Comedian Hannah Gadsby Calls Out Louis C.K. For Being “Angry and Bitter”
We love Hannah Gadsby. She’s currently doing a new show, Douglas, and is back in the center of the comedy conversation. In a recent profile, she addressed another comedian who makes the news cycle: Louis C.K.
Gadsby, in an interview with the LA Times, said of C.K.: “He is a joke now. And I think it’s important to keep making that joke. This is dangerous to talk about, but I’ll give it a go. What the issue is, for a long time Louis C.K.’s comedy platform was that he was this hopeless guy bumbling through the world. And at some stage, he was no longer that, but that was still his voice. And I think he still believes that. He has not reassessed his position of power, and that is why he was able to abuse it. It’s difficult to see a shift in your own power and privilege. It’s not something we’re trained to do. He still honestly thinks he’s the victim in all of this.”
She later said that: “He’s saying the same kinds of things. The material hasn’t changed. He’s just angry and bitter. I always struggled with his work because I’m a visual thinker. And there’s just so much semen. So I literally couldn’t see the humor in this waterfall of body fluids. That’s my issue. I never blamed him for that. But then I think, “Gosh. That’s on his mind a lot too.” The guy clearly had an issue. And that’s sad for him. So why are we trusting a man who has a compulsion like that where it diminishes the humanity of people around him? Why do we care what he thinks about the human condition? He needs to worry about his own condition a bit. Just sit quietly.”
Wow. If I couldn’t love her any more than I already do.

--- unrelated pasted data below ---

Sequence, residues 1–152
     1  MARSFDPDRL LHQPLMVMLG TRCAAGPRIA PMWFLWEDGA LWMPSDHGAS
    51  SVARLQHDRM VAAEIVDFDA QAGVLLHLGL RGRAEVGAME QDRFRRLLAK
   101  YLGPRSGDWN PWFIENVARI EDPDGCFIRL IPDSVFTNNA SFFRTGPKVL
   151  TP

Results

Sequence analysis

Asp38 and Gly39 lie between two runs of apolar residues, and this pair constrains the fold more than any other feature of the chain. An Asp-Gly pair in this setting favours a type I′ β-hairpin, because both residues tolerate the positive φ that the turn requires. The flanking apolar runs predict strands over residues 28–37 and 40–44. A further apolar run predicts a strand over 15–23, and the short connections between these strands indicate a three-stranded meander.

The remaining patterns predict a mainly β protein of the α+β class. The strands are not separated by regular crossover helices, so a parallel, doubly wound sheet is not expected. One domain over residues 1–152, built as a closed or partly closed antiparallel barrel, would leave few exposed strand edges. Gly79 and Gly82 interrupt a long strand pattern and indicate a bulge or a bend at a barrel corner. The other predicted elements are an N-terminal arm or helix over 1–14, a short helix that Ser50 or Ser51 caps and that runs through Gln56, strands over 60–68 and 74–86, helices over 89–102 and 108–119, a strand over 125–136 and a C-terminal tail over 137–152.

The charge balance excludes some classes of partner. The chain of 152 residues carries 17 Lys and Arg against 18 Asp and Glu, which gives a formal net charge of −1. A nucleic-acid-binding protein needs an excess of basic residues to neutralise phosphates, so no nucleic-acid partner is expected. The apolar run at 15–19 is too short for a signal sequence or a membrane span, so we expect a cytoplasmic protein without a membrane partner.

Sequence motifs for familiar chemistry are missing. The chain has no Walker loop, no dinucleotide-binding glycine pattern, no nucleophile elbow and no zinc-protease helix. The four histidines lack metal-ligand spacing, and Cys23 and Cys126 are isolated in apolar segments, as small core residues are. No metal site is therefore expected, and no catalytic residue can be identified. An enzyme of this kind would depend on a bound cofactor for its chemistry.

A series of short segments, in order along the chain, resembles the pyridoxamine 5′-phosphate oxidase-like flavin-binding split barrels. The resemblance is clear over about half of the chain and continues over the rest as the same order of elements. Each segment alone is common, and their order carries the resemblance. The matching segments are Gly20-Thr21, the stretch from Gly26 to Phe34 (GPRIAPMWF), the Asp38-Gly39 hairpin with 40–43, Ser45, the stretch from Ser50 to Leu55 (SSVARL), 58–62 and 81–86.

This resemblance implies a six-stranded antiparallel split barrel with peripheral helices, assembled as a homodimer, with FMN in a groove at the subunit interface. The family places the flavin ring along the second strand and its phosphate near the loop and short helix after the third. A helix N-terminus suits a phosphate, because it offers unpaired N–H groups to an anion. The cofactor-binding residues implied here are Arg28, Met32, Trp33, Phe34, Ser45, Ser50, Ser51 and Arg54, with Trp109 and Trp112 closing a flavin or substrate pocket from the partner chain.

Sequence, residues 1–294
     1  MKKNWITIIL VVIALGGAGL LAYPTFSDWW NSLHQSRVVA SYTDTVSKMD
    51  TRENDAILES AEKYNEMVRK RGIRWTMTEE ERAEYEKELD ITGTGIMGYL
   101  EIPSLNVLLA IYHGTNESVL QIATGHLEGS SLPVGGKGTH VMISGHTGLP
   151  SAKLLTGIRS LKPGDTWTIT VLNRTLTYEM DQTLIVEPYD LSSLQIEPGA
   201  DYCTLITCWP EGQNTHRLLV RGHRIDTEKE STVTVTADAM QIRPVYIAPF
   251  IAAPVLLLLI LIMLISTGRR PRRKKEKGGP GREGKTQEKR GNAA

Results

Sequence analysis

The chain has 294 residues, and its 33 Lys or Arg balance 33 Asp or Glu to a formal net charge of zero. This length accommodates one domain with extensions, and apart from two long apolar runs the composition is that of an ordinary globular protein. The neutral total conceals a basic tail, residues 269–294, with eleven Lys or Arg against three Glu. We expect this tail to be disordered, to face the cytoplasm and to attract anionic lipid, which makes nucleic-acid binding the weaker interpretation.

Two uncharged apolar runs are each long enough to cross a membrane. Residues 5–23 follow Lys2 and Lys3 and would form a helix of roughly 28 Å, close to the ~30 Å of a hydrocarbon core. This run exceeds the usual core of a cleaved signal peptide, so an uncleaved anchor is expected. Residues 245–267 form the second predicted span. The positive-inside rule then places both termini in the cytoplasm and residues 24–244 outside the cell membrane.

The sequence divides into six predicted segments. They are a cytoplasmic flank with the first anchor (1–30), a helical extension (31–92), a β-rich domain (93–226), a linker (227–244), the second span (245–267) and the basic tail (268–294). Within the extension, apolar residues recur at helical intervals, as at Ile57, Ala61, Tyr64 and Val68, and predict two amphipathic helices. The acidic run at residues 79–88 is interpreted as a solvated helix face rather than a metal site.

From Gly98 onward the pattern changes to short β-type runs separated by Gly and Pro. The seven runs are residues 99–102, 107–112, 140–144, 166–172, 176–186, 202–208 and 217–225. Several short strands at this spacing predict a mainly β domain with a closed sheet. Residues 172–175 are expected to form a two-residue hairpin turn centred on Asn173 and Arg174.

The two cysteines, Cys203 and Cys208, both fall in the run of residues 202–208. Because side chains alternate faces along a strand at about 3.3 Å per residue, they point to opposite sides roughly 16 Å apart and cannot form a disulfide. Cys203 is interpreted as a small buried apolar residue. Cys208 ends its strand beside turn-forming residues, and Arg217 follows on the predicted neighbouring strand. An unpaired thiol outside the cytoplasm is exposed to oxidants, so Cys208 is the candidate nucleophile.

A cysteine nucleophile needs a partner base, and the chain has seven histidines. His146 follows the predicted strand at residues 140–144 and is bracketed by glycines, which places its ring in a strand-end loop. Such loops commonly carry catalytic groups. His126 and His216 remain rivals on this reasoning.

I’ve been outspoken in my dislike of C.K., ever since he admitted to masturbating in front of female comedians. He said he would apologize and learn, and yet he never did. Instead, he came back angrier than ever, lashing out at everyone and everything, including mocking the Parkland teens. He still has surprise shows sometimes, though now he gets hecklers and some club owners are refusing to book him.
Gadsby is right to call him out. C.K. does continue to play the victim, thinking the overly PC-world of today is the reason he’s been shunned and his projects canceled. But it’s not. He hasn’t stopped to think about his position of power and the way he used it to hurt women and make comedy an unsafe space for them. She’s right to speak out about C.K.’s behavior, because he hasn’t suffered many real consequences for his actions. He deserves the calling out.
Gadsby concluded later by saying “I could never advocate censorship. Censorship is useless because it leaves a gap where we learned a lesson. Let’s say Picasso. I’m not a fan. But I am a fan. I’m not a fan of the gap that was left in his story, that he was a toxic, hostile individual and that his behavior was enabled by the community around him. But if you were to wipe him from our collective memory, we not only lose what he did well, we lose what he did badly. And we can learn from both.”
Gadsby’s wisdom here makes sense. By striking all mentions of C.K. from existence, we might forget how he was able to get in the position and the ways he made the space unsafe for others. We need to study the good and the bad, rather than just censor things and remove them from the record. I still personally think C.K. shouldn’t play shows, but we can’t just ignore what he’s done, both the good and the bad.
Anyway, this is a long-winded way of saying that Gadsby is incredible and I hope that her upcoming show is filmed at some point so that we can be blessed by her more than we already were with Nanette. Gadsby represents the future of comedy moreso than C.K. ever did, and I’m glad for that.
(via the LA Times, image: ROBYN BECK/AFP/Getty Images)
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